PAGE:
The Foreign Ministry has decided to declassify documents on Israel-Argentina relations between 1976-1982, when a military junta ruled the South American state.
Israel was known to have sold weapons to the Argentinian dictatorship while at the same time trying to save the lives of individually threatened Argentinians. The period has been under investigation by an Israeli panel of experts looking into the fate of Jews who disappeared under the military junta.
A Foreign Ministry spokesman yesterday declined to comment on the decision to declassify the documents nor to specify how many documents would be made public.
Dr. Ra'anan Rein, Head of the Institute for the Study of Latin American History and Culture at Tel Aviv University, said: "I'm happy and satisfied with the decision, though cautiously so, until we know exactly which documents are released, how extensive the publication and if the documents deal directly with the relations of a military nature that existed between the two countries."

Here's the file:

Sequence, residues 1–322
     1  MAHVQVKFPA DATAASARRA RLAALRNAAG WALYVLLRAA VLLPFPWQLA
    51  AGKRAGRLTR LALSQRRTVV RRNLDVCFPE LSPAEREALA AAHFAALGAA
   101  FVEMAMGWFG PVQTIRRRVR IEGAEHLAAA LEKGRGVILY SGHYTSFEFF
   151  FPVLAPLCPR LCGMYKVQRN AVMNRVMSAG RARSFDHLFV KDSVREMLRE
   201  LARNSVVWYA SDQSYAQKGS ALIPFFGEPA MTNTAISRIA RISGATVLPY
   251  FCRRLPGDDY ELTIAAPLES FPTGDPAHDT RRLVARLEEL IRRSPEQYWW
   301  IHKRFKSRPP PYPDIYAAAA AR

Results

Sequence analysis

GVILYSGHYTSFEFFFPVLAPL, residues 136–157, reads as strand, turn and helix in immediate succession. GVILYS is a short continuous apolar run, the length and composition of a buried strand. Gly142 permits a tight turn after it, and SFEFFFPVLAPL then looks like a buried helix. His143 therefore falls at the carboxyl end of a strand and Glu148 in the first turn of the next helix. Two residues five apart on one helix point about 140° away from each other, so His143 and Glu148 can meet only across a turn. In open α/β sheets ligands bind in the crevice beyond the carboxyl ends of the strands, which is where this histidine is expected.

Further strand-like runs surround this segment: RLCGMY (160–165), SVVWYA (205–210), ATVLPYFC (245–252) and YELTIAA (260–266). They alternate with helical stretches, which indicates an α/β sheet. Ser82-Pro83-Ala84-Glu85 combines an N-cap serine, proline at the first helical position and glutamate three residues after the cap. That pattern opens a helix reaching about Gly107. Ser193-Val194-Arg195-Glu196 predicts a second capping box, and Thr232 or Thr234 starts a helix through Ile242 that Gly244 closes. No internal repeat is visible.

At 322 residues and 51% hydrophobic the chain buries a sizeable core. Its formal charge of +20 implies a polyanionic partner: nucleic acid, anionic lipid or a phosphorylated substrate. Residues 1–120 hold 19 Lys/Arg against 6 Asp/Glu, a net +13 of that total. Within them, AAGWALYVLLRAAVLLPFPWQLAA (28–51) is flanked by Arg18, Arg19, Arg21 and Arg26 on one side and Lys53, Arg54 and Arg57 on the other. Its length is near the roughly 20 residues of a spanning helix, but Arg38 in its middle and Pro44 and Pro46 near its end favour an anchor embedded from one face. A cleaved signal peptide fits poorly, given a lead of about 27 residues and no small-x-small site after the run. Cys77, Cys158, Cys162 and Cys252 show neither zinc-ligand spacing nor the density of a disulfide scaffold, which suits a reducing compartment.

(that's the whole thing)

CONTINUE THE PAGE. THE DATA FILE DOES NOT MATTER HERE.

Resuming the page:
So far, only the U.S. has published diplomatic and political papers from the period. The documents expected to be declassified by the Foreign Ministry are considered especially important since Argentina has yet to declassify any papers from the period.
Israeli diplomats who served in Argentina at the time said they were pleased. Herzl Inbar, a former ambassador to Argentina said: "This is a welcome decision and we have nothing to be ashamed of." Eliezer Talmor, a former deputy chief of mission said, "we have nothing to hide."
Atilio Molteni, Argentina's ambassador in Israel, welcomed the decision, calling it "very positive." He said: "Any step that leads to transparency in the relationship between two countries as close as Israel and Argentina is a positive step."